QCOSTARICA – Celebrating his 41st birthday, along with his pregnant wife and five-year old, became a nightmare for Aracelio Garcia, an American national living in Costa Rica.
It was also Garcia’s first call for help that saved lives.
Garcia told La Nacion that when the boat began to sink, he was able to make a cell phone call and ask for help from an employee, who works at the Los Sueños marina.
“I say, Pablo, I need you to call the marina and get all the boats out here because we’re sinking!”
On the other end of the line, Pablo Sandino asked his boss to stop kidding around, but Garcia replied: “No this is serious!” before the line went dead.
Garcia’s wife, Tatiana, said the event is etched in her memory. “Instantly the boat turned (listed). Some of us had time to put on life jackets, others not,” she recalled.
Garcia said his concern was to save his family. “I could not put on my life jacket. I was getting my son and wife and a boy who was lost calling his mother on the raft, I hung on to the side.”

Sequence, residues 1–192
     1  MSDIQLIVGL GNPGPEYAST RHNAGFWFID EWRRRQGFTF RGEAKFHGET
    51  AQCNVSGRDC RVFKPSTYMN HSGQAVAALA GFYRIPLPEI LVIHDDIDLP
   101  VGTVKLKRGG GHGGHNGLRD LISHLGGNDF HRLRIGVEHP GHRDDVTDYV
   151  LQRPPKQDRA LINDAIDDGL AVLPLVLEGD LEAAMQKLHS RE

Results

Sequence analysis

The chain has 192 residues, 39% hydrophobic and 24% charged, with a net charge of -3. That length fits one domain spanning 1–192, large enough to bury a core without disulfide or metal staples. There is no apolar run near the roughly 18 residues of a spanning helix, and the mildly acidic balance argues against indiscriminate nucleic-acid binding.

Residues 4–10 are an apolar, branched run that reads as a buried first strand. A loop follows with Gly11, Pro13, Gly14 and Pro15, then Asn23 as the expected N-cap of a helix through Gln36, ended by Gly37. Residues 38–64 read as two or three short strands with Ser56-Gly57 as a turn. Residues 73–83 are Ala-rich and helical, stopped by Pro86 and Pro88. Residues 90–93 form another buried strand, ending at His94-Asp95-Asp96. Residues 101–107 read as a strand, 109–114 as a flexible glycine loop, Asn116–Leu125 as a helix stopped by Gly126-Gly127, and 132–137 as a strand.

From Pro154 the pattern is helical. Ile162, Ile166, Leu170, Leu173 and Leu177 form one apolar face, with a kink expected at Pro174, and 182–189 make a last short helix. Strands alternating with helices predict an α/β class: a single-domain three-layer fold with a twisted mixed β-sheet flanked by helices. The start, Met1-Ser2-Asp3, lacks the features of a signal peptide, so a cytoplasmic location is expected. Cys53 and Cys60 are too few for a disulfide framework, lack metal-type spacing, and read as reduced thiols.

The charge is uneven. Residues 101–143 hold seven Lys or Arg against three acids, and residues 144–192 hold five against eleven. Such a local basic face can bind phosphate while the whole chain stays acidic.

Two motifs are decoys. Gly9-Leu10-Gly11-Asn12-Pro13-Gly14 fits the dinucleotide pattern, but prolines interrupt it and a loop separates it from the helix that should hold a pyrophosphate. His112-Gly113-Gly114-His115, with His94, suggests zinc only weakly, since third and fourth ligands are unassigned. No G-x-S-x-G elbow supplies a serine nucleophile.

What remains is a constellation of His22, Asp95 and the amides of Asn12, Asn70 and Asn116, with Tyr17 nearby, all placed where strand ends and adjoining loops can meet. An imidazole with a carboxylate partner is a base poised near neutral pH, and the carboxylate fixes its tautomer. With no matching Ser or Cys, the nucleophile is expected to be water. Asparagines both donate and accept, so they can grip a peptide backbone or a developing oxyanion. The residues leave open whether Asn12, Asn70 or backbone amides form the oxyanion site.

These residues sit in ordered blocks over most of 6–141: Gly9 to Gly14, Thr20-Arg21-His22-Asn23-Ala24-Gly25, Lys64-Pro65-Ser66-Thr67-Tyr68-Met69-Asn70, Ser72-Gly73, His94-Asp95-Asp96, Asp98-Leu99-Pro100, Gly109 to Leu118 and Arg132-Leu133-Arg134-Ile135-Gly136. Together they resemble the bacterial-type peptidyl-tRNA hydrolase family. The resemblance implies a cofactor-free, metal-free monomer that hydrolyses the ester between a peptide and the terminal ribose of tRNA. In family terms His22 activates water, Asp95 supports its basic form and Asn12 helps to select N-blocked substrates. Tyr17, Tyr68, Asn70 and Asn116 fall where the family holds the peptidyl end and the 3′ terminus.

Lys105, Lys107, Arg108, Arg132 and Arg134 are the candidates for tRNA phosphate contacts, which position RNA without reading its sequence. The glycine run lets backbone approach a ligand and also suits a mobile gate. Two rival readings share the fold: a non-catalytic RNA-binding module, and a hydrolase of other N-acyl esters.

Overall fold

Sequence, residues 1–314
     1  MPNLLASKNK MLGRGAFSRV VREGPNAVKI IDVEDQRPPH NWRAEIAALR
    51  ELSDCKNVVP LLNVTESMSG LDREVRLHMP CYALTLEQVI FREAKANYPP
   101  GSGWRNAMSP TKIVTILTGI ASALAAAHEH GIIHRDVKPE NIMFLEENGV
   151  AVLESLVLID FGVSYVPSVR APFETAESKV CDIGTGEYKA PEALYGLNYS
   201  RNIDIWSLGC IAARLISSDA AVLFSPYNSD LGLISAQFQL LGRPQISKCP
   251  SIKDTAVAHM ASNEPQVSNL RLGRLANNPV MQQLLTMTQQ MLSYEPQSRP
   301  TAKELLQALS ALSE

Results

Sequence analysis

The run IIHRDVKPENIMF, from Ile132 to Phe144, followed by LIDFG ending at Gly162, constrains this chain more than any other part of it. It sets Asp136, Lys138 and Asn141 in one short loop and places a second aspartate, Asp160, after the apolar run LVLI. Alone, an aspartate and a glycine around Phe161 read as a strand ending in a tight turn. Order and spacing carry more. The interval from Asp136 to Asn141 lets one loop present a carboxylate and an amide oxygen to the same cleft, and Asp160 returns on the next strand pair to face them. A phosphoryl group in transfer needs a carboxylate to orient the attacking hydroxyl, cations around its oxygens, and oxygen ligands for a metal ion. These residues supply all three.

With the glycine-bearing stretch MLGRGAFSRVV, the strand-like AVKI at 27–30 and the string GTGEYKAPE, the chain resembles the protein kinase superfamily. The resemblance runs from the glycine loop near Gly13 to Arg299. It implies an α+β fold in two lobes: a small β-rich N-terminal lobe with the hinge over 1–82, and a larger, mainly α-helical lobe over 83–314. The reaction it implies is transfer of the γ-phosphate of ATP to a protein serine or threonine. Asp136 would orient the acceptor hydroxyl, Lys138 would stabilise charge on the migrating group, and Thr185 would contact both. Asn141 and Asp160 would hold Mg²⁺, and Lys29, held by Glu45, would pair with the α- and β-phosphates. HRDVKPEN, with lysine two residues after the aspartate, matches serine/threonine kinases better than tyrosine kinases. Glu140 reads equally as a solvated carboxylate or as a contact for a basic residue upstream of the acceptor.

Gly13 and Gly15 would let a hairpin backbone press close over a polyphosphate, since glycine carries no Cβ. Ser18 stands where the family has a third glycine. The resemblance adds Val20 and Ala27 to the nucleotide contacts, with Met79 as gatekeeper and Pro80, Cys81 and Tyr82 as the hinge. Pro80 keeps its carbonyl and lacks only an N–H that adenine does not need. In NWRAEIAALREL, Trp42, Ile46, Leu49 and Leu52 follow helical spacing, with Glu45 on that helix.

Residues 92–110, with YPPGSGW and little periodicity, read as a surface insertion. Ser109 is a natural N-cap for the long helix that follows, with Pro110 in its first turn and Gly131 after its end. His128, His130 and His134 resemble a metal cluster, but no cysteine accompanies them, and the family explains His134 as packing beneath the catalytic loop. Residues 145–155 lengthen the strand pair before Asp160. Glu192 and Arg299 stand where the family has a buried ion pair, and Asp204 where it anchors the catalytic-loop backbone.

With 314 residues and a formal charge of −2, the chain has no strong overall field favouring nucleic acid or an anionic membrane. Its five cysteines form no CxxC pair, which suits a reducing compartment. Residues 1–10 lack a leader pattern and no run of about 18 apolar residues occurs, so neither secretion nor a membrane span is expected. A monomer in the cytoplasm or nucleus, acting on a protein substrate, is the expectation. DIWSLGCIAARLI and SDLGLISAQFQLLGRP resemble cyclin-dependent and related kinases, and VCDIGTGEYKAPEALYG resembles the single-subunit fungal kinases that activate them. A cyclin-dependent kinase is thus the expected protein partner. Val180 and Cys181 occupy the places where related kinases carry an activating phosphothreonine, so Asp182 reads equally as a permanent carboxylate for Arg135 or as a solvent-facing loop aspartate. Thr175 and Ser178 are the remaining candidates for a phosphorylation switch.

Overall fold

Sixteen minutes after the call, Sanding was on the first boat to arrive with help.
“We found some 40 or 50 people floating. I have years of experience, I told the crew, let’s throw a rope and try to get the people out, but it was complicated, the waves were 2 metres (six feet) high. I did the impossible, everyone wanted help,” recalled Sandino after helping tens of shipwrecked to shore.
“With little English, I talked to people and got them on the board. Captain (Tenorio) told me he had two wounded in the raft, but when I got on the raft, I realized they were dead,” Sandino said in his account.
A merchant ship passing by gave the Maybay signal with the exact position.
Quickly Coastguard ships, Red Cross, Firefighters and two police helicopters were at the scene. All 106 passengers and crew were rescued.